NEWPORT County AFC return to Moreton-in-Marsh for a pre-season friendly tonight as they celebrate the 30th anniversary of the club’s rebirth and say thank you to the small Cotswold town, without whom they might not have had a future.

After the demise of the old Newport County in February 1989, 15 directors and 400 diehard supporters got together to reform the club as Newport AFC that summer.

Disputes with Newport Council and the Football Association of Wales forced the club to play their home games over the border in England and a new nickname was born as the Ironsides became the Exiles.

Honorary president David Hando was chairman of the new club and he believes the dream of returning League football to Newport may have been dead in the water if it wasn’t for the unlikely groundshare with Moreton Town at their London Road home.

“I wanted the 30-year anniversary to be commemorated because if we hadn’t got the OK from Moreton, we’d reached the end of the road,” he explained.

“George Thorneycroft was the first director to see through [Jerry] Sherman and resign and he told me to leave it a year or two [before starting again].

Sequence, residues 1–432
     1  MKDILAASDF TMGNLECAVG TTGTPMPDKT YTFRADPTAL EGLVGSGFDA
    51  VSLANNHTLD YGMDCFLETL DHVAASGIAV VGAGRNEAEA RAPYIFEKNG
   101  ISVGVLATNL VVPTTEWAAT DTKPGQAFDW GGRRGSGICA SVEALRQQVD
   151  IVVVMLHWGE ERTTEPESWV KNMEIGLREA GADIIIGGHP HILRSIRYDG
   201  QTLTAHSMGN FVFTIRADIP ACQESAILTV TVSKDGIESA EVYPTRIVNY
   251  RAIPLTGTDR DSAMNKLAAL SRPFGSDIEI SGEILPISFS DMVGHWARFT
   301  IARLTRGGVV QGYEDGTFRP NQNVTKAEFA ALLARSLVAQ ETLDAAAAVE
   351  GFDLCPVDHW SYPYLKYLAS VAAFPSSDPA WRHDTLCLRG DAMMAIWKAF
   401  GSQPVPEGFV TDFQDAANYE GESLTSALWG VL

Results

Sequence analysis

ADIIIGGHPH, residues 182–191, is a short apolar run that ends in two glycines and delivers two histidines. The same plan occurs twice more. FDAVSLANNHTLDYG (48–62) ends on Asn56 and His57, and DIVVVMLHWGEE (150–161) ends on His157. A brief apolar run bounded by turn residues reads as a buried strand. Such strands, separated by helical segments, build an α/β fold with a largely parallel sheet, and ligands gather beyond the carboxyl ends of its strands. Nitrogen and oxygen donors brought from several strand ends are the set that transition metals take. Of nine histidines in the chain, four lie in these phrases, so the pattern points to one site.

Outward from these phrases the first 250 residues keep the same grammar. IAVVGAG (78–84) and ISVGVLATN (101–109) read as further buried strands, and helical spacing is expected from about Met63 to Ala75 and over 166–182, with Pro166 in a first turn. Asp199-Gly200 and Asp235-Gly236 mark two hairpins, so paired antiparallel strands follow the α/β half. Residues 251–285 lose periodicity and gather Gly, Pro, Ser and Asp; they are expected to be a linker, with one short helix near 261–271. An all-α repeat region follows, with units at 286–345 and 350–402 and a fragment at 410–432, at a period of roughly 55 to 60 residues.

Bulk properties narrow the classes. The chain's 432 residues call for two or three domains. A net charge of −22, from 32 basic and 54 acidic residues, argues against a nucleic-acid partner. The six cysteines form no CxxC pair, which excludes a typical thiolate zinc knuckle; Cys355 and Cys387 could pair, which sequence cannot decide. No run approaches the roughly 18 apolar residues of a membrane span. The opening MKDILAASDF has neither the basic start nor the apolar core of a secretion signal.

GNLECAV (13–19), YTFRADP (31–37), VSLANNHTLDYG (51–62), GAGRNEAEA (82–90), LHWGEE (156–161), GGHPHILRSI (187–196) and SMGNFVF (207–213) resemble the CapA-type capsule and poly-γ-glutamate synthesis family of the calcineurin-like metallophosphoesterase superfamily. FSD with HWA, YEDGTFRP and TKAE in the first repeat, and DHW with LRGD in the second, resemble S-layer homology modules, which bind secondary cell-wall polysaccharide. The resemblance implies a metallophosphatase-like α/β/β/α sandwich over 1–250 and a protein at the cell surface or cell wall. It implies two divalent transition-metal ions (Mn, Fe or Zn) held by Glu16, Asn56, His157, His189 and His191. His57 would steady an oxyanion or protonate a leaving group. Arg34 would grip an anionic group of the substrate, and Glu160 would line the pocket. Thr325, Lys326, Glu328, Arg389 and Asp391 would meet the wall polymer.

“But I was adamant that we had to strike while the iron was hot. The old club was gone and there was enthusiasm for the idea of a new club and we had to go ahead.

“But if we hadn’t got Moreton to agree to let us play there and we couldn’t find anywhere in Gloucestershire [I don’t know what we would have done].

South Wales Argus:

“Mark Williams started ringing Gloucestershire clubs, starting with Abingdon [in Oxfordshire], and I started at the other end with Yate and we moved towards the centre. Moreton was the last one.

“They were a bit puzzled as to why we’d want to travel 85 miles for our home games, which turned out to be further away than most of our home games, but they were happy to have us.

“I spoke to Bill Eldridge, who was the secretary, and he consulted the committee and came back to me in half an hour to say yes.

“They didn’t have a reserve side, whereas the others did so there was no hope of a groundshare elsewhere,” he added.

“Ray Taylor and I went to see the ground and I remember saying to Ray ‘Well, it’s not exactly Wembley but it’s a step towards it’.”

The Exiles returned to Somerton Park after one season in Moreton but Hando says the club owes the town a great debt.

Tonight’s friendly (kick-off 7pm) will see a County XI take on Moreton Rangers, a new club formed after Moreton Town went out of business in the mid-1990s.

“When I spoke to Moreton about a friendly, they were absolutely delighted and it’s going to be a big occasion for them,” said Hando, who is currently writing a book on the club's reformation.

“And the supporters I’ve spoken to are looking forward to going back.

“We’re everlastingly grateful to Moreton. Even though it’s not the same club or even the same people, it’s part of the folk history of the club and we’re delighted to go back.”